Copper fell in the LME and COMEX
After closing the previous week in profits, copper started on a positive note last week. However, it wasn’t able to carry the same positive momentum throughout the week. In the week ending on March 26, copper in the LME (London Metal Exchange) fell 1.9%. In COMEX, copper fell 2.3%. At the beginning of the week, Market participants’ optimism grew due to stimulus from China. It supported copper prices. However, the strong dollar and comments from Fed officials pulled copper prices down. They closed the week with losses. Since the beginning of 2016, copper gained 5.10%.
Optimism behind copper prices
Even though the recent rally in copper isn’t backed by any strong fundamental factors, the hope of stimulus from China spread optimism in the copper market. This sentiment was also supported by strong copper import data. The data showed a 50% increase in China’s February copper imports. In addition, seasonal factors and an increase in net long positions of funds in LME copper also supported copper prices. However, this sentiment weakened and copper starting falling down due to the stronger dollar over the week.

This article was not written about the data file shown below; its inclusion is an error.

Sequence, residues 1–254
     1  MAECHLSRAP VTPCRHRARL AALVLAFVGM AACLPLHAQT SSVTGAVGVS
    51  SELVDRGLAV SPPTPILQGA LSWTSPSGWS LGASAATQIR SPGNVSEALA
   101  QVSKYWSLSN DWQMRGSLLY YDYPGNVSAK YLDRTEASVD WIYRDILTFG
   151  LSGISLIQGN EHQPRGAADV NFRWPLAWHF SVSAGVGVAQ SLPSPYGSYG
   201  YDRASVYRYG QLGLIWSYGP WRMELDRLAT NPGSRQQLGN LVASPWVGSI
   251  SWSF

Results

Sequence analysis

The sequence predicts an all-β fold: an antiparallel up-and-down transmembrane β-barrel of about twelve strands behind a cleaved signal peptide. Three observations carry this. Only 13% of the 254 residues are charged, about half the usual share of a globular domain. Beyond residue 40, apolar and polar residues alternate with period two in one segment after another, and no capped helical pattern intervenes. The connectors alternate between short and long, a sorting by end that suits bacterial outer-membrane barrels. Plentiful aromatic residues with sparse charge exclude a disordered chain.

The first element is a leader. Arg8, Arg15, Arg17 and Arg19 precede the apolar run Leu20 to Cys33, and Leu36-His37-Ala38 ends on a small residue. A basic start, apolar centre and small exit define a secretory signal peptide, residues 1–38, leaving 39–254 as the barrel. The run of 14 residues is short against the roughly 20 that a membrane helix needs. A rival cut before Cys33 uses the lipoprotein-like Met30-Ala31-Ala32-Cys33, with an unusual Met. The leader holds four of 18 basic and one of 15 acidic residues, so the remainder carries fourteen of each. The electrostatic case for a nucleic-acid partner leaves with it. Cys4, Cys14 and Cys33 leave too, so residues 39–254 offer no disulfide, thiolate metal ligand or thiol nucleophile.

Fed comments and strong dollar
The hawkish comments from St. Louis, Chicago, and Philadelphia Fed officials strengthened the dollar. The Philadelphia Fed president Patrick Harker supports three interest rate hikes in 2016. In an interview last week, St. Louis Fed official James Bullard said that the Fed must consider an interest rate hike in April 2016. Chicago Fed president Charles Evans commented that the US economy has “good fundamentals.” These comments from Fed officials strengthened and impacted copper prices.
Similar to base metals, miners also declined last week. Freeport-McMoRan (FCX), Glencore (GLNCY), Alcoa (AA), and Rio Tinto (RIO) fell 6.0%, 6.5%, 4.6%, and 4.9%, respectively, last week. The SPDR S&P Metals & Mining ETF (XME) fell 3.7% last week.
In the next parts in the series, we’ll discuss the performance of base metals and miners in detail.